Is payout policy part of the corporate governance system? The case of France


  • Du Boys Céline


  • Agency relationships
  • Dividends
  • Share repurchases
  • France
  • Payout policies
  • Governance mechanisms
  • Majority and minority shareholders
  • Boards of directors
  • Ownership structures
  • Panel data analysis

document type



This paper examines the place of payout policies in governance systems. It analyses the conditions in which payout is used to regulate agency conflicts and studies the relations between dividend or share repurchase and the other governance mechanisms. Through the study of 167 French firms from 2000 to 2005, the author shows that in France payout is not used to regulate conflicts between majority and minority shareholders, but rather to limit free cash flow risk or conflict between managers and shareholders. In presence of a majority shareholder, the governance systems do not achieve in forcing insiders to disgorge cash. The study confirms the substitutability between debt and payout and shows that blockholders have an effect on payout. On the contrary, the board's characteristics, except the directors' independence, do not influence payout. Biographical notes: Céline du Boys is a researcher in management and finance at Aix Marseille University (CERGAM), France. She received her PhD in 2007 in finance. Her research interests include corporate finance, payout policies, corporate governance and stakeholder theory. 1 Payout and governance: a theoretical study This paper aims at analysing the corporate governance role of payout policy and understanding its place in the governance system. In theory, dividend and share repurchase can reduce agency conflicts, but are they really used as governance mechanisms? Moreover, their place in the governance systems has not been really analysed yet. This paper seeks to make up for this gap. First, it studies the governance role of payout and analyses the conflicts it can regulate: conflicts between managers and shareholders and between majority and minority shareholders.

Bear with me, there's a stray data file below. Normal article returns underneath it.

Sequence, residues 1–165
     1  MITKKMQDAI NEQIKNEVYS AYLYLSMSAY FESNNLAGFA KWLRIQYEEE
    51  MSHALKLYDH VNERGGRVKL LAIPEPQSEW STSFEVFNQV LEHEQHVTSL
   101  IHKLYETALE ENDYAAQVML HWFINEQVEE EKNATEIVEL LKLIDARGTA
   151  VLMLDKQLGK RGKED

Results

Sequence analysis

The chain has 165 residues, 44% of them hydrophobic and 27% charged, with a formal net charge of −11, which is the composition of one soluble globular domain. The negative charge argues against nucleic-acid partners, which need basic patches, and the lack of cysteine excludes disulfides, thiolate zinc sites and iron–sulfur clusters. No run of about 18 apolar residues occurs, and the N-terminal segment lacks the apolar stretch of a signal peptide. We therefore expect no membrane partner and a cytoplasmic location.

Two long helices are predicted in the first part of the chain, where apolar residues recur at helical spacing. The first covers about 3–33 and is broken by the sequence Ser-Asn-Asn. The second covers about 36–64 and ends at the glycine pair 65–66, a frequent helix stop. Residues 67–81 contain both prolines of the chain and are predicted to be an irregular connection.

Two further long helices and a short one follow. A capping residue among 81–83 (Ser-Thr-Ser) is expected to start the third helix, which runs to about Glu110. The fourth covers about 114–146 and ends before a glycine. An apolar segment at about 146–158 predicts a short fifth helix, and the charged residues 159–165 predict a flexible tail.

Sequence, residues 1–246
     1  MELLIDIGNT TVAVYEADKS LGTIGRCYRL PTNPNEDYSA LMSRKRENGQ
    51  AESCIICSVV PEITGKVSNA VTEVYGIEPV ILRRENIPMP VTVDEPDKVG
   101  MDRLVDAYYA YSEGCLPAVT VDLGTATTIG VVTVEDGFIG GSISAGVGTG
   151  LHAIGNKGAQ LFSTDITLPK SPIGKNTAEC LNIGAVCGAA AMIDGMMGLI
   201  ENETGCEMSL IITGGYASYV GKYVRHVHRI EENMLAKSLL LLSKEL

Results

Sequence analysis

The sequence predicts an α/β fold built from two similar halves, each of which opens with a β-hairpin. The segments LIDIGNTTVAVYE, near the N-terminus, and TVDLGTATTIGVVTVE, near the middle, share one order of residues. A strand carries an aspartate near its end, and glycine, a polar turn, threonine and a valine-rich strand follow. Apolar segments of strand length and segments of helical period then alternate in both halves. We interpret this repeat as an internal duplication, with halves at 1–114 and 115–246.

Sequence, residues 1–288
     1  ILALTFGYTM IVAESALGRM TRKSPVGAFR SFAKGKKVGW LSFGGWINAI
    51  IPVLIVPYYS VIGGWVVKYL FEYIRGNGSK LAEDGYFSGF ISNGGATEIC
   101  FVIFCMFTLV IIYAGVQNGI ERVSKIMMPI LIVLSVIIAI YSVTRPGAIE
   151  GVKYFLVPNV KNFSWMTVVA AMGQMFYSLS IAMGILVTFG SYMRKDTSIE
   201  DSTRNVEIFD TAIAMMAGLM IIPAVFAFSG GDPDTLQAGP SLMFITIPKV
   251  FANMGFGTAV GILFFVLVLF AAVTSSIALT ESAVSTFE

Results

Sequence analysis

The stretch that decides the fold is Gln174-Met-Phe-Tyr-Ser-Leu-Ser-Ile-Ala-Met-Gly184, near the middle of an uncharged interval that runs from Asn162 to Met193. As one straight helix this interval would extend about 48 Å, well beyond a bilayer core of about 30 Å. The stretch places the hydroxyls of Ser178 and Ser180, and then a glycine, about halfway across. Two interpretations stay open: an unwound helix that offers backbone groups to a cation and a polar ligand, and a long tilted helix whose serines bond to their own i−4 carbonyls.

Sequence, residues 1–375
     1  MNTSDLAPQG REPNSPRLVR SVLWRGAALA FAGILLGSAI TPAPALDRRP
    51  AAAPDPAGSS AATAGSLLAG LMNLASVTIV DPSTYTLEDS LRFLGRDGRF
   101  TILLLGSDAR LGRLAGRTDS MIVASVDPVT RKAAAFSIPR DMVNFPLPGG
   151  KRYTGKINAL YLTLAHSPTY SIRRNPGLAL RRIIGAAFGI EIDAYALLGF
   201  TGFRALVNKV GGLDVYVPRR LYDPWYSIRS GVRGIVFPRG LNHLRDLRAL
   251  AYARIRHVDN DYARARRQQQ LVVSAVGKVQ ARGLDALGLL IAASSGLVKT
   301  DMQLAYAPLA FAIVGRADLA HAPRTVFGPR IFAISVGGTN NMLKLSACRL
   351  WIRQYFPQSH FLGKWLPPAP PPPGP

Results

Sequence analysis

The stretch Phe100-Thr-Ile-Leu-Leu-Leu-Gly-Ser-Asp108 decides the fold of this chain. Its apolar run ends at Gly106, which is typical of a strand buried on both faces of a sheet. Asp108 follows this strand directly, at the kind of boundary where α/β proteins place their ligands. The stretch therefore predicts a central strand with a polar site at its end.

more information